${reactorProjects} and Dependency Resolution

Non-aggregator and aggregator mojos alike have access to the list of projects in the current reactor, either using ${reactorProjects}, or using ${session}.getSortedProjects(). However, because project dependencies are resolved just-in-time, ahead of the mojo's execution, and according to the mojo's use of the @requiresDependencyResolution annotation, the full list of projects in the session (or the result of the ${reactorProjects} expression) WILL NOT have their dependencies resolved to the scope specified.

Proposed changes for 2.1

Add projects="sub" and projects="all" as qualifiers to the @requiresDependencyResolution annotation

This doesn't represent anything fundamentally different in terms of artifact resolution. What's new is the scope of Maven's resolution efforts. The unqualified scope specification will result in the dependencies of the current project being resolved to that scope. When qualified with 'projects="all"', the same thing happens for all projects in the reactor. Finally, when qualified with 'projects="sub"', dependency resolution for that scope happens for the current project AND its descendant projects. This last qualifier is critical when taken with the changes to accommodate summary mojos (See the discussion on Aggregation, above). In many cases where summary mojos run, they will need information about ONLY those projects that are self-or-descendant for the current project. This helps the summary mojo escape the effects of running the build from an arbitrarily super-level of a large nested build structure.

Backward-compat considerations

The dependency-resolution features of Maven 2.0.x are fairly counter-intuitive when coupled with ${reactorProjects} or ${session}.getSortedProjects(), since it only resolves dependencies for the current project. Since this behavior is still intact by default, it should produce no compatibility problems.

The only uncertainty happens when considering whether QDox allows a value that's unattached to an attribute in mixed mode with other values that DO have attributes. For instance:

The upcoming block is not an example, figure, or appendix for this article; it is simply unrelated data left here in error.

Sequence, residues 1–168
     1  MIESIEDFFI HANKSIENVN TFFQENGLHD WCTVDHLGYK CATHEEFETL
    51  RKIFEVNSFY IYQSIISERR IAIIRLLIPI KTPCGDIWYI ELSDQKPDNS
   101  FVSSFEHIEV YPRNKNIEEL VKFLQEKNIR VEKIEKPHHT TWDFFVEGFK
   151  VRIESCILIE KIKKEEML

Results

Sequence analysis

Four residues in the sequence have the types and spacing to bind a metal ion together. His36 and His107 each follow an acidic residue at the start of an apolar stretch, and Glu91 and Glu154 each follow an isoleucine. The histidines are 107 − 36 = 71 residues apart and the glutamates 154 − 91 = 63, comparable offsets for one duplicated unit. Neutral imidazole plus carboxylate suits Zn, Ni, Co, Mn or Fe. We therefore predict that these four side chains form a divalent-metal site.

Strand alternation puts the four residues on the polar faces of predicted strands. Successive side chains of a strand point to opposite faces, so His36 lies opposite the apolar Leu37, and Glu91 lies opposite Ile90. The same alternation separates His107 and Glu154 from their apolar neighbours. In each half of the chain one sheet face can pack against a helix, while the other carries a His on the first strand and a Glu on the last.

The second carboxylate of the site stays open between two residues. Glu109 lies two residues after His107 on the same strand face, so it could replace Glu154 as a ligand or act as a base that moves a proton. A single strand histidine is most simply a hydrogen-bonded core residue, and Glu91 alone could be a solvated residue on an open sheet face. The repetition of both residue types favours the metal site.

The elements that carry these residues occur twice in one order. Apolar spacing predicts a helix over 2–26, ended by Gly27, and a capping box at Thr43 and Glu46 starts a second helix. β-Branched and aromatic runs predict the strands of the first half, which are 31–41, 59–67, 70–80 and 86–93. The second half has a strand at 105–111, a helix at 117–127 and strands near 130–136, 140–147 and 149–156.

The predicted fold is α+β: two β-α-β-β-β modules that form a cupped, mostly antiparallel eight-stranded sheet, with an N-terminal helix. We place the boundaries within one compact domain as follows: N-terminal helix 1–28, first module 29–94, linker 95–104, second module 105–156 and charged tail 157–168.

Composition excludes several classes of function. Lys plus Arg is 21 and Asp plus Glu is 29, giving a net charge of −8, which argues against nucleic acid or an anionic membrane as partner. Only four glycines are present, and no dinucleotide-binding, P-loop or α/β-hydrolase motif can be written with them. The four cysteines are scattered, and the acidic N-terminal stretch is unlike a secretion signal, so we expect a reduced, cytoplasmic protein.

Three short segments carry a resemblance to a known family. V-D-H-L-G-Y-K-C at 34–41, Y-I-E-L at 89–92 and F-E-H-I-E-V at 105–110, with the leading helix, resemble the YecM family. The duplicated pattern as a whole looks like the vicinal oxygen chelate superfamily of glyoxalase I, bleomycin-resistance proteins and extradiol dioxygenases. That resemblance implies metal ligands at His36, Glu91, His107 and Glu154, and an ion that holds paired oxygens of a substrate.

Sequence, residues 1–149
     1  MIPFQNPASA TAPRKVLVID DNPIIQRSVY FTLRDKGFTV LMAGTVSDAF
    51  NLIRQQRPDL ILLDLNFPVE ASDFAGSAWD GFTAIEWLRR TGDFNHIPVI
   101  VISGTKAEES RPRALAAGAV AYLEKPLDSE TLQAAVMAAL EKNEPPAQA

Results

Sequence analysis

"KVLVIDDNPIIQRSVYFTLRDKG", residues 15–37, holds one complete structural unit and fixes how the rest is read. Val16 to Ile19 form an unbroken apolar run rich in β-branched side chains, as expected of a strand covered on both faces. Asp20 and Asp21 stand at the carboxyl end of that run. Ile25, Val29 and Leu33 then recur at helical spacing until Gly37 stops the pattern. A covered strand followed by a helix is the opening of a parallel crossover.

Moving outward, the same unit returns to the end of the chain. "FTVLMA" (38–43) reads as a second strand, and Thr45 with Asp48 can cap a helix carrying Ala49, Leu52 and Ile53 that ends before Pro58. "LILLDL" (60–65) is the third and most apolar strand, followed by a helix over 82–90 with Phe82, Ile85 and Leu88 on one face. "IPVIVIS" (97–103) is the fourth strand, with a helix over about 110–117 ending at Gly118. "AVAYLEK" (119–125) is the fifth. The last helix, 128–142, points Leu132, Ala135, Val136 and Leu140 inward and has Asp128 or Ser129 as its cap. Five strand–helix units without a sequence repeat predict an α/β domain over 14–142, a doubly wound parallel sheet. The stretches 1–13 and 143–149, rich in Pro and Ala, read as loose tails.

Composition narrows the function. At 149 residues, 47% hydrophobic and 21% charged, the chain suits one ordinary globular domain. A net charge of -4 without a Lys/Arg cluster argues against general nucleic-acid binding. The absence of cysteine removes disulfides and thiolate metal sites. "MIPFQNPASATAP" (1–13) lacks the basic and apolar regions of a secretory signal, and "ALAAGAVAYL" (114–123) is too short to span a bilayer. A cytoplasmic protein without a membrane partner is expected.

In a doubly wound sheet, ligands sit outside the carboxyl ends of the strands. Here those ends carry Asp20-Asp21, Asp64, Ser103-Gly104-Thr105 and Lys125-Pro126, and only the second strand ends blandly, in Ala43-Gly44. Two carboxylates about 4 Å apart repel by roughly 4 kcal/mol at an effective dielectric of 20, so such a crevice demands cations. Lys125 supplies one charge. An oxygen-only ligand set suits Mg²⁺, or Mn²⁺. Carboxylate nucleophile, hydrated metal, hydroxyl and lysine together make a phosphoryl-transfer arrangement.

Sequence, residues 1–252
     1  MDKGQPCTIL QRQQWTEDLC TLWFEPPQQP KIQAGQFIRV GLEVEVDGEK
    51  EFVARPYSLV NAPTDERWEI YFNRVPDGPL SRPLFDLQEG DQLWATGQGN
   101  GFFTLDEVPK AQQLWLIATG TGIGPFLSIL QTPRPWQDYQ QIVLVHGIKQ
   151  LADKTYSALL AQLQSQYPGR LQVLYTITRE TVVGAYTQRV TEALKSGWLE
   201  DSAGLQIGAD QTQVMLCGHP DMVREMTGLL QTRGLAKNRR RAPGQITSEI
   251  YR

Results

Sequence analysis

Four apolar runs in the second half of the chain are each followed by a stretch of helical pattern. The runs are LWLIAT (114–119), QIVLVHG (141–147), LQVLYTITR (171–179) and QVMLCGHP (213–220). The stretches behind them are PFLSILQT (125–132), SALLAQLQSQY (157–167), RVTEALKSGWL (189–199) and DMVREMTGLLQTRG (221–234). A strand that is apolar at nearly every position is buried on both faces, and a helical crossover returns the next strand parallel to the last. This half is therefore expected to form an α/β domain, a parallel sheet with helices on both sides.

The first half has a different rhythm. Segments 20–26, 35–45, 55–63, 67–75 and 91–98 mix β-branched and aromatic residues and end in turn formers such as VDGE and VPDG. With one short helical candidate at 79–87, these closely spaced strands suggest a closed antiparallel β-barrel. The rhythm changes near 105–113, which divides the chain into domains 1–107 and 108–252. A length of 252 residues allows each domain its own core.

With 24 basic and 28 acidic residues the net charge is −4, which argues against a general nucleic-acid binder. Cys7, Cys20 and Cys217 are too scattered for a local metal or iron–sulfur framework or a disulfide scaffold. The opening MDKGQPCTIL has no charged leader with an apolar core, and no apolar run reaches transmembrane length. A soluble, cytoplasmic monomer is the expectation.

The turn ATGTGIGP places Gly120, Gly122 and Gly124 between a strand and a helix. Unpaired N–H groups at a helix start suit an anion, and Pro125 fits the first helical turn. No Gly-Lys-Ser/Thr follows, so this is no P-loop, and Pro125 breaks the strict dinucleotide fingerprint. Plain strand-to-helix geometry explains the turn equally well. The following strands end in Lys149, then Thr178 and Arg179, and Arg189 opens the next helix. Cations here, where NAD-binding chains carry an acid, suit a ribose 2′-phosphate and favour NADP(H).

/**
 * @goal test
 * @requiresDependencyResolution test projects="all"
 */

If this doesn't work, it's no big problem to support two forms of the requiresDependencyResolution annotation. Of course, the old specification would be supported:

/**
 * @goal test
 * @requiresDependencyResolution test
 */

In addition, a new format would be introduced:

/**
 * @goal test
 * @requiresDependencyResolution scope="test" projects="all"
 */
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2 Comments

  1. Dependency Resolution vs. Dependency Collection
    Dependency resolution imposes a hard-constraint on the dependencies: they must have already been build. This can make reactor builds fail in certain circumstances (see Enforcer Plugin and Dependency Resolution). Plugins that only require the artifact metadata could also get this metadata from the reactor projects and hence need not fail if a just-about-to-build module has no artifact in the local repo yet. Hence it might be worth to consider the introduction of another mojo annotation that plugins can use to declare that they only need metadata and not the artifacts themselves such that Maven can use the ArtifactCollector instead of the ArtifactResolver.